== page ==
Around the world, social movements are rising up in response to the multiple crises of our time. However, only few seem to focus on the task of building concrete institutions that could challenge existing structures and change the rules of our system.
The world is facing one crisis after another. From climate breakdown and mass extinction to economic instability, inequality, and injustice. Political and economic institutions around the planet appear to have little plan (or willingness) to lead us out of this mess. And on top of everything, we now have to face a pandemic with another financial crisis likely to follow.
These emergencies are leading more and more people to question the way our current system works. A new wave of activism is rising up, trying to shape a better future than the one we seem to be headed towards. From the environmental and climate movement, to feminism, social justice, democracy, human rights, economic transformation, and a new progressive internationalism.
Act 1: Raising Awareness
While these movements are diverse and cover different (although interconnected) issues, they appear to have something in common: Their visible actions mainly focus on raising awareness and networking: The internet is flooded with manifestos and petitions to sign, webinars to watch, podcasts to listen to, new alliances to join, and so on. Such actions effectively disseminate information that makes people aware of a certain problem and urges them to join collective demands for change.
However, highlighting a problem is only the first step on the path towards a solution. Information is only meaningful if we know what to do with it. To give an example, most people by now agree that we should reduce global emissions, but that does not mean that they know what exactly to do to build a low-carbon economy. Last year’s climate strikes brought millions to the streets, but had little impact on international climate negotiations or major elections.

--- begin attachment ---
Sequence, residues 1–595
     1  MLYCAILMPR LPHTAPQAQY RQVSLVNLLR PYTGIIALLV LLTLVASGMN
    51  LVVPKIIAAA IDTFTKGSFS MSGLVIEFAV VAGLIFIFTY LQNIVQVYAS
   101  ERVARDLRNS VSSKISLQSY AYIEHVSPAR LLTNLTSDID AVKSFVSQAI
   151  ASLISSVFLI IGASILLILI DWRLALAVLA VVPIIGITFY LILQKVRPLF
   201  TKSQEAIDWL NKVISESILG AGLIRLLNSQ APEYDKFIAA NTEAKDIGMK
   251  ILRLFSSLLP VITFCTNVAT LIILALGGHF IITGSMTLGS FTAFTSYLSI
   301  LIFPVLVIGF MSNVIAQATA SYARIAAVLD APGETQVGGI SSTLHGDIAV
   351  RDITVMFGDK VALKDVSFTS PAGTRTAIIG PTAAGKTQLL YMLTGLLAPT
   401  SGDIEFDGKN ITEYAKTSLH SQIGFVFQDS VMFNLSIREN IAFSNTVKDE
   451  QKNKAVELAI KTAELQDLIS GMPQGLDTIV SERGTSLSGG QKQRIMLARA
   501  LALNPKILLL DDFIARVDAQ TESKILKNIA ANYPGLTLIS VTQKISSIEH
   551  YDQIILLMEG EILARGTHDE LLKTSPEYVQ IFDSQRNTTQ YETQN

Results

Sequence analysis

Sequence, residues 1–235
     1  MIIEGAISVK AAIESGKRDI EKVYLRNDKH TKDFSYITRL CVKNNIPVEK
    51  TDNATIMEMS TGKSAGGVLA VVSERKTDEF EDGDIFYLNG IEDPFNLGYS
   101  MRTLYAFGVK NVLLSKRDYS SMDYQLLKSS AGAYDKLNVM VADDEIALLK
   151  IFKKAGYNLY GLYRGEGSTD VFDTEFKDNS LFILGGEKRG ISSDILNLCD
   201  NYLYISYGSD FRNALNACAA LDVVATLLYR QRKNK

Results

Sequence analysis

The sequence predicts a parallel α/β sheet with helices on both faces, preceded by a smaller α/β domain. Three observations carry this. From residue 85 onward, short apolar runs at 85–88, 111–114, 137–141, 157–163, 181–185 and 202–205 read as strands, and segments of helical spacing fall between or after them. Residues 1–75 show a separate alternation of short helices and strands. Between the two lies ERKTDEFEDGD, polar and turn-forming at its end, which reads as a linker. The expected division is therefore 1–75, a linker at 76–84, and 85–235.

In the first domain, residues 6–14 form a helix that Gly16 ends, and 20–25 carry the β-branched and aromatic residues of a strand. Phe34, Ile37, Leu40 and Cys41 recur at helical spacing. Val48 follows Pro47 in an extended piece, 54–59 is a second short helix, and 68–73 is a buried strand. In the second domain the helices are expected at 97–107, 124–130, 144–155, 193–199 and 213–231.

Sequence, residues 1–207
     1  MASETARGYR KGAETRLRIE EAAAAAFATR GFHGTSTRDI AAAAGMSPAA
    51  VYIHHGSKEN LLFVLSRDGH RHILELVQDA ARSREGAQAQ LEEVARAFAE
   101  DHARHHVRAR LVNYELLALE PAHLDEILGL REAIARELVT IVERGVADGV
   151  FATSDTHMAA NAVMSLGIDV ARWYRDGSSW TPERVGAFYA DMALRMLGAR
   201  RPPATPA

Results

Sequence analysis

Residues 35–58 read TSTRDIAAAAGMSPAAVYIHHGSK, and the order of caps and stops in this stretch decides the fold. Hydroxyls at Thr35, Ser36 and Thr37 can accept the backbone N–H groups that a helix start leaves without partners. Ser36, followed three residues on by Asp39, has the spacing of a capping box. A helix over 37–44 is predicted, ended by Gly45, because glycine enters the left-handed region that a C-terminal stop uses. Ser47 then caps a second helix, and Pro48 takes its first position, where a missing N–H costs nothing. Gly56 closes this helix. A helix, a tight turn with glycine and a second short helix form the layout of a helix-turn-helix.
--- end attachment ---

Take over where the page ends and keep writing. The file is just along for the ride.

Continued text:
The problem is that our system is largely governed by vested interests (for example, through the influence of fossil industries) that have proven incredibly skillful in resisting policies for social and sustainable transformation. Every carefully framed argument that activists (and scientists) publish is easily counteracted by endless waves of distraction, distortion, and defamation that impedes a meaningful public debate regarding these challenges.
Act 2: Civil Disobedience
This has led many activists to step up their game with another form of activism: to actively disrupt and resist the current system. Take, for example, Ende Gelände, who regularly organize mass actions to occupy coal producers and power plants, or Extinction Rebellion, who try to pressure political leaders through the disruption and blockade of urban infrastructure.
Many of these actions also seem to be largely about raising awareness and networking, i.e. by achieving news coverage and building connections among those involved. For example, the disruption of coal pits is unlikely to affect extraction levels in any meaningful magnitude. And this is probably not the aim. The coal pit, after all, is only a symptom of the disease, with the sickness being the relations of power that are weaved through our society.
That being said, there are also many examples which have successfully prevented large infrastructure projects, like the Zone to Defend (ZAD) against the French Aéroport du Grand Ouest, or the resistance against the Austrian Zwentendorf Nuclear Power Plant. There are also forms of civil disobedience that are less visible, such as occupations of houses that prevent families from eviction, or blockades to protect local ecosystems from destruction.
Such actions of resistance can prevent and slow down the worst effects of our system, opening space to develop alternatives. But how exactly do we build up an alternative?
Act 3: Counter-Institutions
Overall, attempts to change existing institutions have proven wearisome and difficult. Of course, that should not stop us from trying. We should however, in addition to existing efforts, consider the construction of concrete alternatives that challenge existing structures directly. Instead of demanding changes from those in power, counter-institutions could be designed to gradually shift power back to democratic control, while creating sustainable livelihoods.